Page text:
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Hi I'm Joe

I'm a Black Belt in Taekwondo, I'm an EMT, I can solve a Rubik's Cube in less than a minute, and I'm a Mormon.

About Me

My family moved many times while I was growing up - California, Utah, Texas, etc - which has given me the opportunity to see many parts of the United States. My family has adopted five kids, the first two of which came from a small city in Kazakhstan, and the other three in various areas in Russia. These five were additional to the three kids my mom had biologically. I've had many interests in my life ranging from magic tricks to martial arts. I've gone from hobby to hobby my entire life. My latest endeavors? Piano and linguistics. The piano has been my passion for the past three years or so. My love for it has driven me to practice persistently, allowing me to learn at a very quick pace. The sound of the piano relaxes me, and the concentration involved in producing the music clears and quickens my mind. I have also, more recently, taken up an interest in linguistics. I had many friends who spoke Spanish fluently, and so I determined to take up the study of the language so that I could speak with them. I find Spanish, along with any other languages I've studied, to be fascinating. I am now studying the Russian language in preparation for my two year mission in Russia.

Why I am a Mormon

My family has been in the church for seven generations - since the time of Joseph Smith himself, in fact. I was raised in the church from birth. Of course, I have doubted the church many times in my past, especially during my teenage years. At times I have narcissisticly thought myself too smart to believe in God. I thought that God was only for gullible people who didn't understand science. Despite this, I always had a desire, even a subconscious desire, to know the gospel was true. That desire was what grew and eventually became the unshakable testimony that I have today. Although there were setbacks, my desire led me to learn on my own. No longer could I live off of the testimonies of my leaders and parents. No longer could I simply pretend to have a testimony for the appearances of others. As Douglas L. Callister said, "no one can permanently endure on borrowed light". I studied scripture a little bit more persistently. I prayed with sincere intent. A large part of the process was simply developing the self control to do these things - but I did. Eventually I did gain my own witness, and it's still growing today. The more I study and ponder, the more I realize how true this gospel is. I once thought that religion is for the uneducated, the gullible, and the unintelligent. I know now that those who believe in God do not believe because they are or are not intelligent. Intelligence isn't a factor at all. They believe because of something far more powerful than intelligence - they believe because they are faithful, and it is because of that faith that I am a Mormon today.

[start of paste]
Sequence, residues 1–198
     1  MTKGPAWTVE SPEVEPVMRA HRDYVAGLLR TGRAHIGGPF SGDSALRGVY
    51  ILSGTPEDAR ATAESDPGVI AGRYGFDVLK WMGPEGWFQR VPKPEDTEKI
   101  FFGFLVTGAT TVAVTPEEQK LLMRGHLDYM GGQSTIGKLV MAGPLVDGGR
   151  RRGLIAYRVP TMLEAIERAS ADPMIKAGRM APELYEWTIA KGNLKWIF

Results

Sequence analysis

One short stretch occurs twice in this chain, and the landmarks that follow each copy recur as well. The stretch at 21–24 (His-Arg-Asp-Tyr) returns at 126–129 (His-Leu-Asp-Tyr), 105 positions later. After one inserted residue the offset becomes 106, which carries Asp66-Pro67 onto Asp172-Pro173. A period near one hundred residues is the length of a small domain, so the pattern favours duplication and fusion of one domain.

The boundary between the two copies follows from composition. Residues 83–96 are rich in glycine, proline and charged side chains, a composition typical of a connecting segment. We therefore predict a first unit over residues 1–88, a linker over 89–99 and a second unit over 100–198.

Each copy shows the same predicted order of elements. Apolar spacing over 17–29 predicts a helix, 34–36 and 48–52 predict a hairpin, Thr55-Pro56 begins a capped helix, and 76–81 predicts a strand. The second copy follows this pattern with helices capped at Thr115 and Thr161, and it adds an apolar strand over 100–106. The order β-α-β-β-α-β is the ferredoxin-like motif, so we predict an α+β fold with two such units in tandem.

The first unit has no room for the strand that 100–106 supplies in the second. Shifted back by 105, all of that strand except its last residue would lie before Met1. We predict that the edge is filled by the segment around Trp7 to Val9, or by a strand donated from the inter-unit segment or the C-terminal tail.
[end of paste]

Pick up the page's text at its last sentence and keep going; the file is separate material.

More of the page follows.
How I live my faith

I study the gospel of Jesus Christ through his scriptures on a daily basis. I have learned that personal study and prayer of these words allows me to gain a personal testimony of the Book of Mormon and Bible. The more diligent I am in my study, the more I can feel His light overcasting my life day to day. As the prophet Lehi teaches in the beginning of The Book of Mormon, holding to the rod of iron (or the word of God) keeps us safe from worldly temptations and harm. I also live the law of tithing in my life. To some, donating such a substantial portion of their income to the church may seem unreasonable. I feel the opposite. All of our possession comes from the Lord. If he sees he can trust us with that possession by obeying his commandment of tithing, that will only be the more reason for Him to bless us further. Furthermore, I have been blessed with the calling of being a home teacher since the age of fourteen. A home teacher's duty is to visit those families in the ward he has been assigned and to act as a friend, a servant, and a priesthood leader. Those whom you home teach may become some of your closest friends you hold in your lifetime. Often you may feel as though you are only pestering your families, but with the pestering you are showing your care for them, and they open up to you sooner or later. I have seen many lives blessed, especially my own, from the calling of home teaching. My greatest sacrifice for my faith yet is the call to serve a mission this fall. I will be serving from Fall of 2012 to Fall of 2014, donating all of my time and energy to the Lord. I will have the opportunity to talk to, serve, and teach the people as I donate my efforts to them. I have gotten many reactions upon telling people this news. Some enthusiastic and respectful, others mocking me for my idiocy. Nonetheless, I am thrilled to turn over these two years to my Father in Heaven as I serve him.

What is the Mormon lifestyle like? How do Mormons live?

On the outside, you may not even notice the difference between a Mormon and a Non-Mormon. We keep our appearance and our language clean by wearing modest clothing, not swearing, and not drinking alcohol or using any harmful substances. We are encouraged to work hard and be Christlike in all that we do. We wear normal clothing, we do not practice plural marriage (polygamy), and we are very friendly and social. We focus on spending time with our families, as that is the central unit of the plan of salvation. Church leaders encourage young men and women to seek higher learning and to educate themselves as well as they can while on this earth. More than anything, though, LDS members just try to be happy. We love spending time with family and friends who can support and respect our views of Jesus Christ and his great Atonement. Show more Show less